Black Robed Regiment

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The Black Robed Regiment was a term of scorn that British troops used[1] to describe American clergy, especially Anglican clerics, who preached forceful sermons in direct support of American Revolutionary Patriots.

Peter Muhlenberg was the most memorable member of the Black Robed Regiment. On January 21, 1776, Muhlenberg stood up in his church in Woodstock, Virginia and preached a sermon from Ecclesiastes chapter 3. He quoted the text about “a time of war and a time of peace.” Then he said,

In the language of the holy writ, there was a time for all things, a time to preach and a time to pray, but those times have passed away. There is a time to fight, and that time has now come!

So saying, he stripped off his pastoral robe, and showed his congregants the uniform he wore as a general in the Continental Army. (His brother Frederick once objected to Peter Muhlenberg’s involvement in the war against the King. When British troops burned down his church in front of him, Frederick joined the Continental Army himself.)

British and Tory criticism

The term has its origins with Peter Oliver, a British loyalist[2][3], and was also used by British troops.[1] The role of American Clergy was widely recognized in that era on both sides. One loyalist wrote in 1774:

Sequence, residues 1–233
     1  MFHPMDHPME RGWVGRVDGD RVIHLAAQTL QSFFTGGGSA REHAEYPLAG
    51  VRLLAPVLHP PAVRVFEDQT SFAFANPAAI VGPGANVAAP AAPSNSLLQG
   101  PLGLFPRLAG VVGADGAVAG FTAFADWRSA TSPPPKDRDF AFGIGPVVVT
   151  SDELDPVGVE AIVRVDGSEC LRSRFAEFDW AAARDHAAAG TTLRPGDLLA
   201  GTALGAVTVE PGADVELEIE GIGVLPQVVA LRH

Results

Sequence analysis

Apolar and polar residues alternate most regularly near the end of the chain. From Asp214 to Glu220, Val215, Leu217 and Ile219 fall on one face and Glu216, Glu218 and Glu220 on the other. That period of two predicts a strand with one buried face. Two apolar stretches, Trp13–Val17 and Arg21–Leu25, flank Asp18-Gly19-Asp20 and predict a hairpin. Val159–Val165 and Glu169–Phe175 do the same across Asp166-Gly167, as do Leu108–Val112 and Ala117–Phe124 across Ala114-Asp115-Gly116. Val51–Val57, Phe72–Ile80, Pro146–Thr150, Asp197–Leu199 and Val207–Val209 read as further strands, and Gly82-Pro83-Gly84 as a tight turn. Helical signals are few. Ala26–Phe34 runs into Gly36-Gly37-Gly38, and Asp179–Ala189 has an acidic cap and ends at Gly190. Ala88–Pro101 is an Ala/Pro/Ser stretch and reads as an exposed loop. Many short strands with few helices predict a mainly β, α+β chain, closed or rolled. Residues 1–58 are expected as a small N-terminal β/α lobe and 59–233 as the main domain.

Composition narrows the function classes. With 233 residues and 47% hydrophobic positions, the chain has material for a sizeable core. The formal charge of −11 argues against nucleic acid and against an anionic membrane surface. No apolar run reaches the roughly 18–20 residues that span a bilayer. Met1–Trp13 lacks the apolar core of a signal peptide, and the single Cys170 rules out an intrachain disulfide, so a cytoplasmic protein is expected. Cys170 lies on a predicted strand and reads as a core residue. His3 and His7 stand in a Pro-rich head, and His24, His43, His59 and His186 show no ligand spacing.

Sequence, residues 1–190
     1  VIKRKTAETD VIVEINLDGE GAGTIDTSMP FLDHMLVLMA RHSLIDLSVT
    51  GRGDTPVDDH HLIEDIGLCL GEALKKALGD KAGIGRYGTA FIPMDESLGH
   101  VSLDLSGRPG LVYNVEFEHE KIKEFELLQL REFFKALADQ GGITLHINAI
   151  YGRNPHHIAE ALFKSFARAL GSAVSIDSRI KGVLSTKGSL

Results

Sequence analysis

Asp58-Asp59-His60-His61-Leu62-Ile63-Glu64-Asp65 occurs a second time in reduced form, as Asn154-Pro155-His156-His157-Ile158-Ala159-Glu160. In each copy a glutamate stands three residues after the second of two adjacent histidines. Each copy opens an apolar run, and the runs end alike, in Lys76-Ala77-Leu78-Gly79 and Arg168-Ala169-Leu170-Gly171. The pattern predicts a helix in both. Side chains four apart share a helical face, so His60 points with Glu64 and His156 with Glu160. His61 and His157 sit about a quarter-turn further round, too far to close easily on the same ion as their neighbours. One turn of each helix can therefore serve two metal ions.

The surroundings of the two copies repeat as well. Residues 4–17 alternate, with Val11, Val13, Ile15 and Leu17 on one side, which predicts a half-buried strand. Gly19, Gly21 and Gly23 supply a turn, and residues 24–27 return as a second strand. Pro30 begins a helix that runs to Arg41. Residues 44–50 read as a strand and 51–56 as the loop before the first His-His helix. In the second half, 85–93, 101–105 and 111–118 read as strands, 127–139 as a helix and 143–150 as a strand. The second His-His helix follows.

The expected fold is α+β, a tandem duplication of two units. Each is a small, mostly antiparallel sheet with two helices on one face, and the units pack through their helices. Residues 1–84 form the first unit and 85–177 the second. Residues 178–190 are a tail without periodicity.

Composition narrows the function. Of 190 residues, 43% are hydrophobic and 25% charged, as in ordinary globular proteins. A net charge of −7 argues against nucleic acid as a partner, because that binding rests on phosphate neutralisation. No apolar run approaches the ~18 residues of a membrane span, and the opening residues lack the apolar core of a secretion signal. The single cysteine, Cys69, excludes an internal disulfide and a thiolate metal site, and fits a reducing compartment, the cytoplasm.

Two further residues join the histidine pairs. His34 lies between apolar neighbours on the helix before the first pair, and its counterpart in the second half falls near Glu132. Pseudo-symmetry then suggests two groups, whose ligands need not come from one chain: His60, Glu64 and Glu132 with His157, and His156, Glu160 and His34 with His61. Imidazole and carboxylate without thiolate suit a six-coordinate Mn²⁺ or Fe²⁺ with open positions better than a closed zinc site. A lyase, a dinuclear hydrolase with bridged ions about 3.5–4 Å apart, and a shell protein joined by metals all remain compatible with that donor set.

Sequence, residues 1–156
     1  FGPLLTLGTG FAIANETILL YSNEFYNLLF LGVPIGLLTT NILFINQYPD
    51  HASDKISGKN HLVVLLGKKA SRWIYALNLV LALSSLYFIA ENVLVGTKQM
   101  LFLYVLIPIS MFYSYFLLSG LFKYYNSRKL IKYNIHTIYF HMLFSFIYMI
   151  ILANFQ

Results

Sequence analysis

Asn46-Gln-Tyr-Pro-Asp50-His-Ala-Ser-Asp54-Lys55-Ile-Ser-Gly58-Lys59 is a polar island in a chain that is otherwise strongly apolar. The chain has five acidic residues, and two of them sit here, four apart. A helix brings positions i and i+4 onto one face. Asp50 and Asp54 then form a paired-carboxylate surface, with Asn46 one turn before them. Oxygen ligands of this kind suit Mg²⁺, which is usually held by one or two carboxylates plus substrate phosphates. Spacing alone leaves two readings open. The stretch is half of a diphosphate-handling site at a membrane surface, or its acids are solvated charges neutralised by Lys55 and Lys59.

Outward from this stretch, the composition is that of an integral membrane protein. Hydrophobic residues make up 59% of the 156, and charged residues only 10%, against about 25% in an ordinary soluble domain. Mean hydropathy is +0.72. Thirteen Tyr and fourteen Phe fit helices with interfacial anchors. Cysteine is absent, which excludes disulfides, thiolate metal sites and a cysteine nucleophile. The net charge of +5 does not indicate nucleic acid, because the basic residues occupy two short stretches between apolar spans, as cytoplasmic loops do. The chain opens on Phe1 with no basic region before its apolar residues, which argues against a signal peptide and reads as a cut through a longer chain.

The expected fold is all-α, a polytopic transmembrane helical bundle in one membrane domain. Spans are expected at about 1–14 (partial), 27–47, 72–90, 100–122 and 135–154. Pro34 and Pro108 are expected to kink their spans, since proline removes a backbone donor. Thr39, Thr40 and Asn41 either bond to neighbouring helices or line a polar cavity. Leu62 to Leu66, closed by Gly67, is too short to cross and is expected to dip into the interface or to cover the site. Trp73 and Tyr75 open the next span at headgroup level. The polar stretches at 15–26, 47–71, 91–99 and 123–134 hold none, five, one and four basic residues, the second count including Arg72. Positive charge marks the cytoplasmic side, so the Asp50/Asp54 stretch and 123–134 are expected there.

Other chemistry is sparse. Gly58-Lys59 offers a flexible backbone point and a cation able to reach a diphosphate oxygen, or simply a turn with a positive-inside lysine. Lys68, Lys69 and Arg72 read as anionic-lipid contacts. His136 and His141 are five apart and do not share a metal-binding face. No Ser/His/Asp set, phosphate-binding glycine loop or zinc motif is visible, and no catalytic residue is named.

It is an indubitable fact, that previous to and during all these acts of violence committed in the Colonies, especially to the Eastward, the Presbyterian pulpits groaned with the most wicked, malicious, and inflammatory harangues, pronounced by the favourite orators among that sect, spiriting their godly hearers to the most violent opposition to Government; persuading them that the intention of Government was to rule them with a rod of iron, and to make them all slaves; and assuring them that if they would rise as one man to oppose those arbitrary schemes, God would assist them to sweep away every ministerial tool (the amiable name these wretches are pleased to bestow on the professors of the Church,) from the face of the earth; that now was the time to strike, whilst Government at home was afraid of them; together with a long string of such seditious stuff well calculated to impose on the poor devils their hearers, and make them rush into every kind of extravagance and folly, which if I foresee aright, they will have leisure enough to be sorry for.[4]

Impact

Historians have recognized the important role that the clergy had in the century leading up to the revolution, particularly the most recent decade preceding it.(1766-1776) Benjamin Franklin Morris, writing in his book Christian Life and Character of the Civil Institutions of the United States, developed in the official and historical annals of the Republic said:

The ministers of the Revolution were, like their Puritan predecessors, bold and fearless in the cause of their country. No class of men contributed more to carry forward the Revolution and to achieve our independence than did the ministers of that grand era of liberty. They esteemed the cause just and right, and by their prayers, patriotic sermons, and services rendered the highest assistance to the civil government, the army, and the country.[5]

Alice Mary Baldwin wrote: